Debbie’s and my 3½ hour trip from Bend, Oregon, to Portland was through the beautiful Cascade mountains and the Willamette Valley, and the morning drive was very pleasant. I didn’t think much about our destination and the purpose of the trip, because there wasn’t anything constructive to do except arrive at the right place at the right time. We got to the Veterans Administration (VA) hospital forty-five minutes early, checked in, dawdled around reading and looking out the windows. The view is spectacular, as the hospital is on a hill a couple of hundred feet above downtown Portland; also visible were the snow-capped volcanic mountains which were stark in their pointed beauty. The nurse admitted me into the surgery room right on schedule, and I was back out an hour later. In between those two swingings of that door I lost a few layers of skin on my right anterior shin to electrodessication & curettage.
Everyone was polite, and the nurses who were amiable to conversations and jokes were fun for me to vent my anxieties upon. My medical resident doctor and his supervisor were friendly and very professional in their behavior. After I was lying down and the needling to numb the skin was finished, the scraping began, and after a couple of minutes of missing out on all the fun that was going on below, I asked if I could sit up and watch. I’m glad I did because for me it was fascinating.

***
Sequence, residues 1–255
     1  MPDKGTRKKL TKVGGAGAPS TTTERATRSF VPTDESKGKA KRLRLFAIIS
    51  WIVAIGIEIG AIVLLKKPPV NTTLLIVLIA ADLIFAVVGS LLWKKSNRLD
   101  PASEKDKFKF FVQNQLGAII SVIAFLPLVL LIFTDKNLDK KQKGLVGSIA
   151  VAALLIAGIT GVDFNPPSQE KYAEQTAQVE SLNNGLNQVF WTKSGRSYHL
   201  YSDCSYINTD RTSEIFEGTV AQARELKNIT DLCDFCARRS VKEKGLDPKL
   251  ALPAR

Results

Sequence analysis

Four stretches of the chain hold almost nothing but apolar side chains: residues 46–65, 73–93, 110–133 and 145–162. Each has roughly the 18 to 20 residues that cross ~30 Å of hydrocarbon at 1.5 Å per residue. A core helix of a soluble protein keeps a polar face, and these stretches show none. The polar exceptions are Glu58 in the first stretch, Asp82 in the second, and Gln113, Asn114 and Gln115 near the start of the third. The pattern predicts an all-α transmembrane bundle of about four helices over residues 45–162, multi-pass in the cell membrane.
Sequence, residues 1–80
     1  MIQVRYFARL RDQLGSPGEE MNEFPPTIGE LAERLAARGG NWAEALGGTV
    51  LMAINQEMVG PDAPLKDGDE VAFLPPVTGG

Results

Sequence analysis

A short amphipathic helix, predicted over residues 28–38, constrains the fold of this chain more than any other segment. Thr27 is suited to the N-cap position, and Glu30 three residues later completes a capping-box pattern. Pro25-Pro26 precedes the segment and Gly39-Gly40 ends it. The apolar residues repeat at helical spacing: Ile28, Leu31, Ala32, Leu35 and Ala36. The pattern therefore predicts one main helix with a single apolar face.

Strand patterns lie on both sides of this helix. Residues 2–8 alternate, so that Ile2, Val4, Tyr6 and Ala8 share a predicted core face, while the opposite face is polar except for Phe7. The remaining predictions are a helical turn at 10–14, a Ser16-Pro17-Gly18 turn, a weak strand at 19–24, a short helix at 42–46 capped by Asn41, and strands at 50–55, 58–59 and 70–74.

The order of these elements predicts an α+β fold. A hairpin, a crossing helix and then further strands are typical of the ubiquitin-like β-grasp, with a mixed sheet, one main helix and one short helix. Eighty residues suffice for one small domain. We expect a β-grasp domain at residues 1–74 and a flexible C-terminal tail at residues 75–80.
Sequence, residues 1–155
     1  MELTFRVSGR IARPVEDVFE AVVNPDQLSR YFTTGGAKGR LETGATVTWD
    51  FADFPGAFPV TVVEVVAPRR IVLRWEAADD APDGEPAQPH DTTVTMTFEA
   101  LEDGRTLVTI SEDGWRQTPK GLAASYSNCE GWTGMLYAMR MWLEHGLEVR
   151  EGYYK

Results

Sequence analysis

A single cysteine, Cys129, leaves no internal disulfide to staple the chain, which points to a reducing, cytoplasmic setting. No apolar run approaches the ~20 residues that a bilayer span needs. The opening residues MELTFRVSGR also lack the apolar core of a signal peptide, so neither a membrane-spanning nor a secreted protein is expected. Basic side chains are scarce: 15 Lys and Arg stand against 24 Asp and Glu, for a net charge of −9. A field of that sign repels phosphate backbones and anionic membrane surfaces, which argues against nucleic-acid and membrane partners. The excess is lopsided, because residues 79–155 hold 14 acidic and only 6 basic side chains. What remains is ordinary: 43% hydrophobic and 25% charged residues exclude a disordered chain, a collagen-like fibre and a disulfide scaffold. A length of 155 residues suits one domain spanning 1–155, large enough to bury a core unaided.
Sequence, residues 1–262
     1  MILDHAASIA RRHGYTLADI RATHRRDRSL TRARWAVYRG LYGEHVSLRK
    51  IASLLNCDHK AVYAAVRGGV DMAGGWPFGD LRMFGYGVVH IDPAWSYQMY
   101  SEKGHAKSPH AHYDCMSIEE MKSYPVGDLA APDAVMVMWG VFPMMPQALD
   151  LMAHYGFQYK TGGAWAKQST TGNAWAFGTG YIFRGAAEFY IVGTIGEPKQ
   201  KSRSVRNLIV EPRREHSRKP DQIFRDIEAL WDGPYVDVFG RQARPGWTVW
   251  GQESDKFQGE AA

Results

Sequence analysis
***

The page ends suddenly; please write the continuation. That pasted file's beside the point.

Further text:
I had asked if he was going to use sand paper or a potato peeler to scrape off my sarcoma, but what he was using was a little loop of an instrument that could be used by a sculptor when shaving clay. He did this procedure of shaving, and then painted the shaved area with a pin-pointed pen that exuded a short electrical spark. That electrocuted and killed the remaining carcinoma cells in the area he had just shaved.
I never felt a thing, zero pain, and not the slightest discomfort from anything. The room was just a bit chilly and my nurse asked if I would like a warm blanket. That was very nice, and it made me feel warm and comfortable, emotionally as well as physically. I asked for a Teddy bear, … but he was home for the day. Everything apparently went perfectly, and soon I was out the door having a debriefing from my head nurse.
Debbie was waiting for me and reading in the waiting area with the beautiful view. We decided to have lunch in the University cafeteria, which was quite good, nothing fancy, but good. Then we took a short tour of the campus and over to the sky tram. We decided not to take it down and back, but to get back home to Bend before rush hour traffic began. Unfortunately, Portland rush hour begins on Highway 5 South at 3 pm, so it was a crawl for the first half hour, very much to my chagrin, but as we neared Salem it was up to normal highway speed, and we made it back in time for the Bend First Friday downtown party. We hung out there for an hour and then went home … tired, almost exhausted but hopefully fully repaired.
I hope this carcinoma removal was a happy day for me, but I won’t know for a year.